(crossposted to the Forge. A little bit of overlap with my previous post on MG, but some more interesting system notes as well)
We just finished our second session of Mouse Guard, which has been a ton of fun. We initially planned on doing a one-shot, but we’re going to extend for a 3-5 session run.
The group is myself, Jono, & Sushu (we’ve been playing for about a year now, through 2 Primetime Adventures campaigns) and my friend Ken, who has never roleplayed before. Jono wanted to do some GMing, and Mouse Guard got him excited. None of us have played MG before, but everyone got a chance to read the comics before the game.
Provided you have one or two people who know the rules, MG is really quick and easy to get started. We were up and running in 10 minutes with the pregen characters. (I’m coming more to the idea that roleplaying, as a hobby, might do better if pregens were the norm for play…).
We picked Kenzie, Sadie, and Lieam. The default assumption seems to be Kenzie-Saxon-Lieam, so we had to adjust a couple of Instincts on the character sheets that tied into Saxon, specifically. This was effortless and worked fine.
Having a clear mission structure, and the simplicity of the Belief, Instinct, and Goals for the game meant we were never at a loss as to what we were trying to do next (HOW to do it, but not in goals or direction).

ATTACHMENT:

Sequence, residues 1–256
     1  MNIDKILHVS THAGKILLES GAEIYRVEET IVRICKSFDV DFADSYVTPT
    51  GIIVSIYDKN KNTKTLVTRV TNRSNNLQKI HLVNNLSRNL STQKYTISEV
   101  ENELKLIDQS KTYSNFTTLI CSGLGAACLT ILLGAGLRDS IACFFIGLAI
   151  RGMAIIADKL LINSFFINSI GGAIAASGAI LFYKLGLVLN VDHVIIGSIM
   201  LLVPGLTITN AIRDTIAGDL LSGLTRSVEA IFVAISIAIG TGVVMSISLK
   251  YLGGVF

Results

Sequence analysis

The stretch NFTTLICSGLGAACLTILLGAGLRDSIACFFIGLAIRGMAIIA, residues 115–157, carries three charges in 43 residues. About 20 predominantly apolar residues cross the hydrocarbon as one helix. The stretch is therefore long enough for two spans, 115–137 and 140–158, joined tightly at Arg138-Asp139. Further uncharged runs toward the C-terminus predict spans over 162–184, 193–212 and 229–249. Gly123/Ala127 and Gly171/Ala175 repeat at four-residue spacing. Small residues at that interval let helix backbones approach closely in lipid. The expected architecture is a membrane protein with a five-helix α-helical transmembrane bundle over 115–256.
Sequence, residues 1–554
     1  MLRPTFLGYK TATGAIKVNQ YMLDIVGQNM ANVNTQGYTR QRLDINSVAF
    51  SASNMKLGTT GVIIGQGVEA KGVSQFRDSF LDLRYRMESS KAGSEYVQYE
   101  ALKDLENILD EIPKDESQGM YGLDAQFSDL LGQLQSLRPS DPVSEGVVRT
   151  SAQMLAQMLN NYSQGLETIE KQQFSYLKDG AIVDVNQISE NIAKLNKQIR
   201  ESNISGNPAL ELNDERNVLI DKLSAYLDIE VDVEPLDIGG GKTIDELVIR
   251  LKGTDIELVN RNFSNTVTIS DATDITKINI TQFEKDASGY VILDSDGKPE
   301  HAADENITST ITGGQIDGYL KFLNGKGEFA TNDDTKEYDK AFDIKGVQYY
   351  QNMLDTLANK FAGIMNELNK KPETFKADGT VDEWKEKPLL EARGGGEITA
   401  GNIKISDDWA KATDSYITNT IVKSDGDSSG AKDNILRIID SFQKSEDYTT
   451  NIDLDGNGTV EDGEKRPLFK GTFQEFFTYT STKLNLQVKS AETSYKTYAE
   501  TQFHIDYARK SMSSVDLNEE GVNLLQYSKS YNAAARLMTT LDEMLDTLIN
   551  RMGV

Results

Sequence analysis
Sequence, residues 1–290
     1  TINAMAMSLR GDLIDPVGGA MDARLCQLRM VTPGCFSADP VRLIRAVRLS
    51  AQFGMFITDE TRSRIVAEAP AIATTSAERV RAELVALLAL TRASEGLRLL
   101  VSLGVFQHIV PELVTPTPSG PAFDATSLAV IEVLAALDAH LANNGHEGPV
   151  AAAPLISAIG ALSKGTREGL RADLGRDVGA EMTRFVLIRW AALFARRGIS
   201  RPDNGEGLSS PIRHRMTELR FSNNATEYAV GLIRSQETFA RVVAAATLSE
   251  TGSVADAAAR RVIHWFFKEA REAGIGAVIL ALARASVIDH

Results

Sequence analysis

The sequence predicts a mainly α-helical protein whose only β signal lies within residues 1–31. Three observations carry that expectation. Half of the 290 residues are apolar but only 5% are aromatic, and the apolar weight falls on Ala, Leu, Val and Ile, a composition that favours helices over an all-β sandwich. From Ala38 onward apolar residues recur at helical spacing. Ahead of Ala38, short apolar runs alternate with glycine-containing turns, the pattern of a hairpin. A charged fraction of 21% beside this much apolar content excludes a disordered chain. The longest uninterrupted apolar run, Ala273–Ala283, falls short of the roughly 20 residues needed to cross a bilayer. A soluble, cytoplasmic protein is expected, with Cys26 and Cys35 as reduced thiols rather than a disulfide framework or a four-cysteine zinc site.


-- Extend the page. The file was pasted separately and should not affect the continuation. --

Our patrol was tasked with getting to Shaleburrow, helping build a bridge and deliver mail. We were warned that relations there were strained, from a previous failed Guard mission. We managed to get to the stream where a team of mice were trying to build a bridge and discovered some hostility and managed to help them out and earn their respect – including an inspired water rescue by Lieam for one of the workers being washed away.
Before the bridge could be finished, we ended up rescuing an injured mouse and his son, and then the rains just wouldn’t stop, threatening to cause the stream to flood. It was a desperate scramble into a tree, and fending off a “playful” fox cub.
By the second session, the cub’s mother had come around to find out who injured her child. It was a mad dash to try to cross the stream in makeshift boats before she found us, and it turned into a brutal losing fight before one of the Guard, Sadie, sacrificed herself to save the rest. The fox, happy with her meal, trotted off with Sadie’s little leg still dangling from her mouth.
It was a grim trip back to Shaleburrow, and a lot of shady politicking between the mice there. Kenzie cut a lot of backroom deals to try to get things to move along, while the Council of Shaleburrow is divided into the rationing of food for the year… with Kenzie backing a rationing plan that later, turns out, might not be necessary for survival, but rather keeping a surplus for trade…
The big concern being brought up for next time is the fact that the scent border wasn’t holding and that it needed to be restored ASAP.
Strengths and Speedbumps
A small speedbump in the game is that there’s a lot of skills which overlap and aren’t clear by the title which one applies- “Is this a Survivalist, Pathfinder, or Scout roll?” came up a couple of times. I expect with more familiarity, it’ll be easier to figure these out, and, basically minor things.